How Sarkozy's former spy chief worked on behalf of Kazakhstan


On Wednesday March 4th, France’s top appeal court ruled that billionaire Kazakh opposition politician and former banker Mukhtar Ablyazov could be extradited over an alleged six-billion-euro fraud. Meanwhile, behind the scenes in this complex affair, a mysterious website has revealed a mass of emails hacked from Kazakhstan leaders. They reveal that Bernard Squarcini, who was the head of France's domestic intelligence agency under President Nicolas Sarkozy, has worked as a consultant on behalf of the Kazakh authorities in relation to the Ablyazov affair. Talking to Mediapart, Squarcini admits the Kazakh government is a client of the firm he works for and that he has worked on the case, but denies claims that he tried to “infiltrate” Ablyazov's team of lawyers and supporters. Agathe Duparc reports on this murky affair.

This article is freely available. Check out our subscription offers. Subscribe

Nicolas Sarkozy's former spy chief has been working on behalf of the Kazakhstan government in its bitter battle against one of that country's leading political opponents, Mediapart can reveal. Bernard Squarcini, who headed France's domestic intelligence agency, the Direction centrale du renseignement intérieur (DCRI), from 2007 to 2012, is a senior advisor for a global intelligence agency hired by the Kazak authorities to help in the so-called Ablyazov affair. This involves attempts by Kazakhstan's allies Russia and Ukraine to seek the extradition from France of former banker and billionaire Kazakh opposition politician Mukhtar Ablyazov over an alleged banking fraud.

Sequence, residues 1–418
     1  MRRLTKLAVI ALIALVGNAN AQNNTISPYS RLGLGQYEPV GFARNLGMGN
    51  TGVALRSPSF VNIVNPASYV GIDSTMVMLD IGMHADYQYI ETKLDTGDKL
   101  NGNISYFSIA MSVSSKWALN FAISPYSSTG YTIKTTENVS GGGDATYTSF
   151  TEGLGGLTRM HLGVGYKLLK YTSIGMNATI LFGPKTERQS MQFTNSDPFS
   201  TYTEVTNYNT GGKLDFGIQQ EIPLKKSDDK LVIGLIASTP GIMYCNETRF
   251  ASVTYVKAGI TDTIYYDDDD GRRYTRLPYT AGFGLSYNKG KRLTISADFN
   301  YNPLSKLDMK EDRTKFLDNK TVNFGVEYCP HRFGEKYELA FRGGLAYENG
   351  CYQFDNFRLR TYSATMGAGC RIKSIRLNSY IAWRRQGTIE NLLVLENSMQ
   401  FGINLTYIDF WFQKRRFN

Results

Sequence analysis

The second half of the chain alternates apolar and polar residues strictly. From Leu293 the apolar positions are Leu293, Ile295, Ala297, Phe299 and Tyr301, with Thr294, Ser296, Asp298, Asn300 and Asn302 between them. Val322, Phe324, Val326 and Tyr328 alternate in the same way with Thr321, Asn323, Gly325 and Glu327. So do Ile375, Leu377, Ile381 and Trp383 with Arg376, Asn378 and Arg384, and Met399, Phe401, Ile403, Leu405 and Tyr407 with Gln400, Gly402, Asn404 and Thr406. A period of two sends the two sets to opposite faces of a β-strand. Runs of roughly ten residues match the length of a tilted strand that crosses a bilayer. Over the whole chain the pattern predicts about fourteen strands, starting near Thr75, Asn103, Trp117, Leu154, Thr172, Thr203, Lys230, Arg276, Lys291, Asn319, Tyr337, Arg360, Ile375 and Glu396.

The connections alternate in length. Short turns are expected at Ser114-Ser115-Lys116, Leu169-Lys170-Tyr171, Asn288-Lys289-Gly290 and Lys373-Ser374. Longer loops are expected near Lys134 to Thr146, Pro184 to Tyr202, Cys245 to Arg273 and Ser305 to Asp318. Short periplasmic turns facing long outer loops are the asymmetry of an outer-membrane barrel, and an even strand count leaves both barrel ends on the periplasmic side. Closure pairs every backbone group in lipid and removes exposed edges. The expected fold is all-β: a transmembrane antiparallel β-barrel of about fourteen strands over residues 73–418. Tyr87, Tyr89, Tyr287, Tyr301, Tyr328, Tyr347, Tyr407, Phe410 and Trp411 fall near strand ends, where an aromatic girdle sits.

Squarcini, whose brief including advising the Kazakhstan government on the French extradition process, helped fix meetings with key figures in France for a Kazahh delegation that came to the country in 2014, Mediapart can reveal. But the former spy chief denies claims that he was involved in an attempt to “infiltrate” the dissident Ablyazov's entourage.

The Ablyazov case is a vast and complex  affair, a titanic battle that is being fought out between the Kazakh capital Astana, London, Paris and Geneva through battalions of lawyers, private detectives, hackers, PR consultants and lobbyists of all kinds. A potentially crucial stage in the saga occured on Wednesday March 4th, when France's top appeal court, the Court of Cassation, ruled that Ablyazov could be extradited from France. He was arrested at Mouans-Sartoux, north of Cannes in the south of France on July 31st, 2013. Russia and the Ukraine are seeking his extradition, claiming he embezzled up to six billion euros from the Kazakh BTA Bank of which he was chairman from 2005 to 2009. On October 24th, 2014, the appeal court in Lyon had also ruled that the Kazakh businessman could be sent abroad for trial. However, even after the Court of Cassation's ruling, extradition is not automatic; it has to be approved by a decree by the French government.